Keep in mind that this too shall pass. While an audit can feel like an assault on your professional dignity, it's essential to remember it's not a personal attack and there’s nothing to be ashamed about. Maintaining your composure helps to bring clarity to this challenging episode in your professional journey.Read the Letter Promptly and Thoroughly:
Though asking for an extension is perfectly reasonable, don't set the audit letter aside for a more convenient time because an audit is never convenient. If you fail to respond or miss the deadline, you’ll automatically fail the audit. Read the audit letter carefully. Revisiting it when you're calmer can help you grasp the details more effectively. When in Doubt, Ask:
Speak with the Insurance Company: Don't hesitate to reach out for clarification. For example, if you’re unsure what kind of audit you’re being subjected to, ask, “What is the purpose of the request for records, and is participation mandatory?” Some requests for records are not to “root out fraud.”
Instead, they are to determine the most common diagnosis being treated and to estimate future costs of treatment. This kind of request is not an audit because there is no potential penalty associated with your notes. If the audit's purpose is unclear, inquire about the financial consequences of not passing the audit. What is the method the insurance company uses to calculate recoupments? This information will indicate if there is potential financial risk.Learn your state statute of limitations on insurance audits:
Some states limit audits to 1 year, some to 18 months or more. Some states have no statute of limitations. If the audit dates fall outside your state’s statute of limitation, the insurance company cannot conduct the audit – unless they suspect fraud.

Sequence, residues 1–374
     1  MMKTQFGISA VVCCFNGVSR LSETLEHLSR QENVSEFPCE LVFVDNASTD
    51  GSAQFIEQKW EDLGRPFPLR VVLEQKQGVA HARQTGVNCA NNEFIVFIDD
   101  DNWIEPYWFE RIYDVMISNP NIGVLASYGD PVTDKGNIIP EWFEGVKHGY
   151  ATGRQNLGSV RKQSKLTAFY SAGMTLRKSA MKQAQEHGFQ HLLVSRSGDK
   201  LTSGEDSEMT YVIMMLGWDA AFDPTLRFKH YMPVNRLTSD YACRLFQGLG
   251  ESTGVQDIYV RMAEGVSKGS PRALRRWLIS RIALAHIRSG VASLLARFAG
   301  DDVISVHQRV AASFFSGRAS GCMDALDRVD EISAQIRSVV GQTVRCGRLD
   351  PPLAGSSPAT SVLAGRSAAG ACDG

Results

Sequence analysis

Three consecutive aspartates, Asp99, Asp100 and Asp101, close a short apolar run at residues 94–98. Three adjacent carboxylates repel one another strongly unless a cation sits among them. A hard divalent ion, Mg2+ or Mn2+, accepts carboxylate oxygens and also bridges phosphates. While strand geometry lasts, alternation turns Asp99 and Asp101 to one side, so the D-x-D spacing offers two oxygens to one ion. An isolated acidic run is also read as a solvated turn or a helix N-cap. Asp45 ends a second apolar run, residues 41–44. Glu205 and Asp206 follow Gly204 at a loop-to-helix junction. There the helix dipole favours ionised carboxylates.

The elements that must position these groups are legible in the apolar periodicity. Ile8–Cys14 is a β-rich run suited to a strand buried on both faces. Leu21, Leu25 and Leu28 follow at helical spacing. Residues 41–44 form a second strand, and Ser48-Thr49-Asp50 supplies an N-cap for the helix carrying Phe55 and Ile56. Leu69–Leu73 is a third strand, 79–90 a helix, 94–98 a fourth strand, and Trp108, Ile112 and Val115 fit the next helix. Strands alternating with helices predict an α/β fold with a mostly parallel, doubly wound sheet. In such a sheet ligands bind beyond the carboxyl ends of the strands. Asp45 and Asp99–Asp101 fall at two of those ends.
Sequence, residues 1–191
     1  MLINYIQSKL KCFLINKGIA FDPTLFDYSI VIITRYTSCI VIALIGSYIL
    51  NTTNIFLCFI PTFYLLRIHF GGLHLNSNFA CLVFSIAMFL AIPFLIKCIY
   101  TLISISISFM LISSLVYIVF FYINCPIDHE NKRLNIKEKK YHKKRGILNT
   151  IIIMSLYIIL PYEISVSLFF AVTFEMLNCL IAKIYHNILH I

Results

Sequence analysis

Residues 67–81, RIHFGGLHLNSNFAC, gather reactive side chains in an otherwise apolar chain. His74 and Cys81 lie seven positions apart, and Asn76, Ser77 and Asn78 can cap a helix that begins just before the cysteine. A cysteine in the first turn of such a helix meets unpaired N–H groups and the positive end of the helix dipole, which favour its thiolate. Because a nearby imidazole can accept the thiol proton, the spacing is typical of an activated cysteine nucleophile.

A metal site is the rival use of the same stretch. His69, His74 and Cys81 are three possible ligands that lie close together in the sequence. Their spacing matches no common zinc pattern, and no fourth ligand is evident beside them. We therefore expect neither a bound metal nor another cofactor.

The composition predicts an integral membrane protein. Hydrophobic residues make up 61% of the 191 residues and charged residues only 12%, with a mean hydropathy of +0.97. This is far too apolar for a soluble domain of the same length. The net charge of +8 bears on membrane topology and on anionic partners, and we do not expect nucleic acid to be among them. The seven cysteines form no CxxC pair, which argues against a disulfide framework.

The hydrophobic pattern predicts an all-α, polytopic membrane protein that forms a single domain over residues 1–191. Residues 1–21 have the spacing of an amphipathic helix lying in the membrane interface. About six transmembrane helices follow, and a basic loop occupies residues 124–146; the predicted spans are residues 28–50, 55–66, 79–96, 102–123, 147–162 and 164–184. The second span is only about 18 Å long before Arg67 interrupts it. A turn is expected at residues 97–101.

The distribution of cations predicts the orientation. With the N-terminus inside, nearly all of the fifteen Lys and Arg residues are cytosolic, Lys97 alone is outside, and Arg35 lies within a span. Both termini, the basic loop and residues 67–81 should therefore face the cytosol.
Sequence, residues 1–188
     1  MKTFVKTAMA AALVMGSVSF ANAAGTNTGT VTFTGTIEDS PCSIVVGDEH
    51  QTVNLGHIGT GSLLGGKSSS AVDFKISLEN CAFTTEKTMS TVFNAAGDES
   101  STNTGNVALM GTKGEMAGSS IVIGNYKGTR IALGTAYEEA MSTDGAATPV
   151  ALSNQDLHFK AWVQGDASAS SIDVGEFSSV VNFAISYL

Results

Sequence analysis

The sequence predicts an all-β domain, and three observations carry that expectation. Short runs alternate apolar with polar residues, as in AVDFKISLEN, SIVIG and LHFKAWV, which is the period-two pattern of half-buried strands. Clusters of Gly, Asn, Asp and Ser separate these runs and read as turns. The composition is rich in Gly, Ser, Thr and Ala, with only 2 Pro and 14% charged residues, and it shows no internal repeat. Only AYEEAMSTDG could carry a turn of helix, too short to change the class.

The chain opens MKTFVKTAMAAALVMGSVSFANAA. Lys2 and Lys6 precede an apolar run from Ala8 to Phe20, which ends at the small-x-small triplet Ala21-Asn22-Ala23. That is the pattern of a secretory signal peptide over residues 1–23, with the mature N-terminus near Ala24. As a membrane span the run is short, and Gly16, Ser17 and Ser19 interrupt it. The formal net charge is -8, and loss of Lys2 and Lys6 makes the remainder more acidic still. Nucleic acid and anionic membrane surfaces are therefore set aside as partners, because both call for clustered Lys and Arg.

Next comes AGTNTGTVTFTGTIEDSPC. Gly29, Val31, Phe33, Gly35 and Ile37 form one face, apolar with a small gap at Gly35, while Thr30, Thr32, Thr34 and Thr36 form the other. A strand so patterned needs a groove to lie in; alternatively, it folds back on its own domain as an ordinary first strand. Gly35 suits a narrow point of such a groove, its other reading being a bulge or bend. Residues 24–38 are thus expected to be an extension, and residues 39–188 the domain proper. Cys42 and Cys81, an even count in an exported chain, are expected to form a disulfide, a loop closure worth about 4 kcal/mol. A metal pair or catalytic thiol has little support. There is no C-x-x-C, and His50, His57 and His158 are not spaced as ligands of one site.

Estimate the time you’ll need and make a plan of action. Do this by knowing the specific date range being audited and counting the number of progress notes you need to review. Multiply that number by the amount of time you think you’ll need to review your notes and schedule the time into your calendar.Review Your Notes and Seek knowledgeable Input:
Mistakes are a part of life, and they can creep into your documentation. Self-editing is important and can be challenging. Even I, the Documentation Wizard, would have my notes reviewed before submitting them.Consider your wellbeing:
Ultimately, make a decision that supports your overall welfare. Assess if the effort involved in preparing your notes for an audit is worth the potential outcomes.
“Marcia, a sandwich generation therapist in California, received the dreaded letter during the Covid-19 pandemic. She was already caring for her ill mother, managing remote learning for her two children, and seeing too many clients due to the increased need for services. After talking to me, she decided that the loss of income was worth her peace of mind. She was in the position of being able to absorb that loss, so she traded a claw back for less aggravation. Then she resigned from the insurance panel, but still had to repay the amount in question.”Appeal a failed audit:
If you incur a claw back that does not explain the reasons, or the reasons seem arbitrary or unfounded – appeal. There is an appeal process. This is when you really need an attorney.
Navigate Audits, Safeguard Your Income, and Avert Clawbacks
Receiving a health insurance audit letter can trigger that primal flight, fight, freeze, or fawn response—something you can't entirely prevent. However, understanding the audit process can help you stay grounded and keep a clear mind. So can getting support from a documentation expert. Knowledge and support are your compass for navigating this unwanted experience swiftly and successfully.If you haven't yet taken my PESI workshop, Mental Health Documentation & Medical Necessity: Simple, Clear Guidelines that Maintain Quality of Care and Protect Your Practice
, comprehending the intricacies of clinical documentation can indeed be overwhelming, especially when you're learning under the pressure of an audit. To equip yourself with the necessary skills for writing treatment plans, documenting sessions, and managing the administrative aspects of a private practice, consider exploring my templated forms
approved by an attorney and bioethicist. These resources offer a step-by-step approach to transform your clinical intuition into comprehensive and effective documentation.
Even though the audit vultures may be buzzing, staying informed and adequately prepared, you not only enhance your chances of passing audits but also secure your income and reduce your anxiety. Embrace the tools and knowledge available to you, and face audits with confidence, knowing that you have the expertise to emerge successfully from this challenging professional experience.